Of course Marvel would launch a new Defenders comic – complete with all of their Netflix characters – months before the show drops.
Here’s hoping it lasts.
I lead off with this because many of Bendis’ recent runs on characters have started great only to fizzle out – usually when the A-list artist that kicked off the book leaves. It happened rapidly on his current Invincible Iron Man run. It happened slower on his Guardians of the Galaxy saga. It even happened on his All-New X-Men series when Stuart Immonen petered out. The point being, Bendis hasn’t had that great of a track record once a book gets past its second arc.
But this is all speculation on my part. I don’t know what the long-term plans are for this book. Maybe Marquez is planning on sticking around. Regardless, this first issue sets the stage for a great team book that stands out among some of the slog DC and Marvel have been spewing the past year.
The setup is pretty straightforward: Diamondback, a street villain believed to be dead, launches attacks against Daredevil, Luke Cage, Jessica Jones, and Iron Fist after they hit one of his underground outfits. The four heroes unite to bring him down and keep the streets safe as dark forces begin to gather on the periphery of their city.
The big selling point on this book is seeing Bendis return to some of the characters that he helped elevate to star status. His time on Daredevil is one of the great runs in the character’s history. He co-created Jessica Jones. Luke Cage wouldn’t have achieved the popularity he has now without Bendis working his magic during his multi-year Avengers opus. This book probably won’t reach the heights those series hit, but that’s okay. Looking at all of these characters through a new prism – the team dynamic – makes this a great read regardless.
It also helps that the narrative laid out in the first issue clicks along at a rapid pace. Most team books drag their feet as they bring all of their characters together, often having their differences keep them apart before realizing the only way to save the day is to unite. Geoff Johns’ Justice League run started in this manner, taking five issues to finally bring all the heroes together against Darkseid. Bendis, however, wastes no time here assembling his heroes. By the issue’s end it feels like the team has already pulled itself together.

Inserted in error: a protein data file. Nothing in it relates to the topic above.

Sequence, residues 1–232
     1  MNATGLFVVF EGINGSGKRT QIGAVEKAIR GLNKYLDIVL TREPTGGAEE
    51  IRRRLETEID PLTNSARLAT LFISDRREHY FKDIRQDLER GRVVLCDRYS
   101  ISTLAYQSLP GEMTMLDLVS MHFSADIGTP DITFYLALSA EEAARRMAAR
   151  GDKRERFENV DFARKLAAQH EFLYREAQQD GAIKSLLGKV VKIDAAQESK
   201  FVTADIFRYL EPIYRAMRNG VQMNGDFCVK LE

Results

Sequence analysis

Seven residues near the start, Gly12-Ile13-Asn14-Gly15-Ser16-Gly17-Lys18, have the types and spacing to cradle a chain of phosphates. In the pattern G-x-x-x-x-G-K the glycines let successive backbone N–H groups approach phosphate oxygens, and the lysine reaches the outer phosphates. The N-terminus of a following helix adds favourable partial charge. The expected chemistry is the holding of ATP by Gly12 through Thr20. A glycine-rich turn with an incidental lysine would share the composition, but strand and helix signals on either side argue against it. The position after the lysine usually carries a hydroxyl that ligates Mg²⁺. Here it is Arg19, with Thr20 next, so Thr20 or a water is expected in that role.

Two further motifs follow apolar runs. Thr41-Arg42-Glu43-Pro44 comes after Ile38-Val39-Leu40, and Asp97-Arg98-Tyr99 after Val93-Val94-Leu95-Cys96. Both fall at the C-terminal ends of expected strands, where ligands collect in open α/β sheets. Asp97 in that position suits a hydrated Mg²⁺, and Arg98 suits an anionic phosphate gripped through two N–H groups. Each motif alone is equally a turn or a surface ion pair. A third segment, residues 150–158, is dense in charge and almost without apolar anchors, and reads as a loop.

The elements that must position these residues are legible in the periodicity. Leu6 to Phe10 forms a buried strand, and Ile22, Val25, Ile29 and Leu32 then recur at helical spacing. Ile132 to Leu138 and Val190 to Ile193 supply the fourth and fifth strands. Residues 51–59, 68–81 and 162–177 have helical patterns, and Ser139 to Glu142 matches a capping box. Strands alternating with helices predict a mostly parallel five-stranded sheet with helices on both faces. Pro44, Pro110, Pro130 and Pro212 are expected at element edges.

Marquez’s art is also a strong selling point to this book. Having worked with Bendis before on Ultimate Comics Spider-Man, Invincible Iron Man, and Civil War II, the two have developed a chemistry that is apparent right from the first page. If you want someone who depicts awe-inspiring superhero action, Marquez is your man. His action scenes have power to them. His scenes of dialogue feel compelling. He even renders a strong splash image for each character highlighting key moments in their history. All in all, he was a great – but not perfect – choice for this series.
The only downside to his art (which, admittedly, is nit-picking) is that his style is a bit too “clean” for a book about street-level heroes. When I think of these characters, I think of the work of Alex Maleev and Michael Gaydos – muted, grungy, dirty. As great an artist as Marquez is, his style feels a bit too flashy for scenes set in run-down apartments and seedy bars. But at least it’s not as disappointing as Nelson Blake II on Luke Cage.
I do have two quibbles with this book, which might put some readers off. First, the action has already begun once the issue begins. The opening scene sets up a showdown between Diamondback and an unnamed drug dealer in a nightclub, but doesn’t establish who Diamondback is. Later, we see Jessica Jones lying in a hospital bed after she is attacked but don’t see how she got there.
This is all because the official “zero issue” Marvel put out for Free Comic Book Day kicked off the story. It’s an unfortunate thing Marvel does for books launching in the summer that prevents some from understanding the full context of a hyped “first” issue. Readers will have to go read the story in that issue (which itself is a backup to an All-New Guardians of the Galaxy story) to see the attacks perpetrated against the heroes and learn who the new enemy that they’re facing is.
The second negative is that Bendis keeps the continuity light – good for current readers, bad for former readers. Did you know Daredevil now has his secret identity back? Did you know Luke Cage and Jessica Jones were having marital problems? If not, then this book won’t get you up to date on those points. It’s possible they’ll be addressed as the arc progresses, but it’s more likely that Marvel expects you to go buy the books focusing on the individual escapades of these heroes to get the full scoop, which is a lot to ask when each book costs four bucks.
The Defenders isn’t a stellar book, but it’s an entertaining one, and sometimes that’s good enough. It’s enjoyable to see Bendis returning to some of the characters he did so much with earlier in his career, and with Marquez drawing the hell out of the action it certainly fires on all cylinders. I can’t say for certain how long this beautiful alchemy will run, so I’ll savor it for as long as it lasts. You should too.